Limerick’s Metro Mayor blasts ‘serial objectors’ as An Bord Pleanala to decide on O’Connell Street

Metropolitan Mayor Cllr Daniel Butler

Metropolitan Mayor Cllr Daniel Butler

LIMERICK’S councillors will not have the final say on multi-million euro proposals to transform O’Connell Street with Metropolitan Mayor Cllr Daniel Butler blaming ‘serial objectors’ for decision being moved to An Bord Pleanala in Dublin.

Normally, major public projects like the €9.1m scheme to provide public realms, and wider footpaths on Limerick’s main thoroughfare, go through a process known as ‘part eight’, with local councillors ultimately having the final say.

But in a move described as “unfortunate” by Cllr Butler, members have been stripped of the right to decide on the proposals.

Cllr Butler turned fire on serial objectors, saying the local authority is in essence reacting to them by moving it straight to the national planning authority.

“The reason it has gone to Dublin is because of submissions by members of the public who seem hell-bent on making submissions to these processes under the guise of doing the right thing, or what they think is right.

“But in the long term, they are costing us in terms of allowing for real consultation locally with people making submissions,” he told the Limerick Leader.

It means the scheme - which is being delivered through €4.5m European funding, and the equivalent locally - will be decided by An Bord Pleanala in Dublin.

The move was confirmed this week by Maria Donoghue, senior executive architect with Limerick City and County Council, who also outlined the fresh plans, which crucially still include lanes of traffic.

Cllr Butler said: “The ideal is it stays as a part eight planning process and it stays local. What is happening now removes the opportunity for consultation locally, and gives it to Dublin. I think that’s unfortunate, but that’s the advice the council have received.”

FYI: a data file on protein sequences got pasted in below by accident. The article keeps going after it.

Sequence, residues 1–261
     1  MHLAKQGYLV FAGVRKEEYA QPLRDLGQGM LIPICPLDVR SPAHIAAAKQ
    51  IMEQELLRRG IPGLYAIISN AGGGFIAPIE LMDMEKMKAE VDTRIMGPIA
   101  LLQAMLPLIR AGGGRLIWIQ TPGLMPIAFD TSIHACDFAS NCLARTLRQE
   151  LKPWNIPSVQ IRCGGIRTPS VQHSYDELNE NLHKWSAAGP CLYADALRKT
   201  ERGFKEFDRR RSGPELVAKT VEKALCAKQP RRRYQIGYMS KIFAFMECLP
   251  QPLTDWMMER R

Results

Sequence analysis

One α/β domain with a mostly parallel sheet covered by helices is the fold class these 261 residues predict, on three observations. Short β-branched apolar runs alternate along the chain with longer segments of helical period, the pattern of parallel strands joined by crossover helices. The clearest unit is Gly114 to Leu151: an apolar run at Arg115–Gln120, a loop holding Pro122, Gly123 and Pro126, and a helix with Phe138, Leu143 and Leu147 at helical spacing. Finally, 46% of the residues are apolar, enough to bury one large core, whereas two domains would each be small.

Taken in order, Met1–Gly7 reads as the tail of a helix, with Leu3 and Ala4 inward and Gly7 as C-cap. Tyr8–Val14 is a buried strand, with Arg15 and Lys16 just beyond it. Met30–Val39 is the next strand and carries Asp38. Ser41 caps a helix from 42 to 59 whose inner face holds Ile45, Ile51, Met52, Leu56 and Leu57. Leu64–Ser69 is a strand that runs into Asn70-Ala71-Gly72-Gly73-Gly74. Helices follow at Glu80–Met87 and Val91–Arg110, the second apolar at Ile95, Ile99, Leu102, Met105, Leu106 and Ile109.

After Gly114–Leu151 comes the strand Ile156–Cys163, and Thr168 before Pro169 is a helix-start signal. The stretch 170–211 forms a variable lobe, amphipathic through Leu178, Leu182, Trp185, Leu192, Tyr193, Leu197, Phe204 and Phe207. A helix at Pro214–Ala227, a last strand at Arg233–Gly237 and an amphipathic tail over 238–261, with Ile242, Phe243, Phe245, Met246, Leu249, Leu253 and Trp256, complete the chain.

Having the proposals decided nationally will also mean councillors cannot be lobbied for changes to the scheme, which received an underwhelming response when it was presented last year.

There was criticism of the fact that lanes of traffic remained in the plan - when many called for a full car ban.

A high-profile group of business people warned the plans, if they went through as proposed, would lead to Limerick becoming a “ghost city” in the evening, and warning the plans are not “sufficiently ambitious”.

In the fresh plans, the council has made a small number of changes, including notably the expansion of the public realm at the Crescent, and opening a public art competition for designers to submit ideas for an iconic piece of art, or an installation at the Bedford Row junction.

Speaking at the Car Free Day, where the altered plans were presented, she said: “We are putting together a design brief for a public art and design on the junction of Bedford Row, Thomas Street and O’Connell Street. It’s quite a significant junction, and we want to mark it in some way.

“It doesn’t have to be a canopy. It will be more indicative than that. It could be a piece of art. We will open a design contest to architects. We don’t want to take away from the vista of the Georgian Street. We are up for whatever the best and most innovative idea is.”

Cllr Butler believes this will present a big opportunity for the public to have their say.

“This is where we need to show real ambition in terms of the detailed design,” he said.

Ms Donoghue confirmed there will be a single bus lane, while one lane of traffic would be kept, with contraflow cycling. She indicated some changes will still be possible ahead of the planning applications.

Existing parking spaces would likely be eliminated, she added.

It’s likely the planning application will go to An Bord Pleanala by Christmas.

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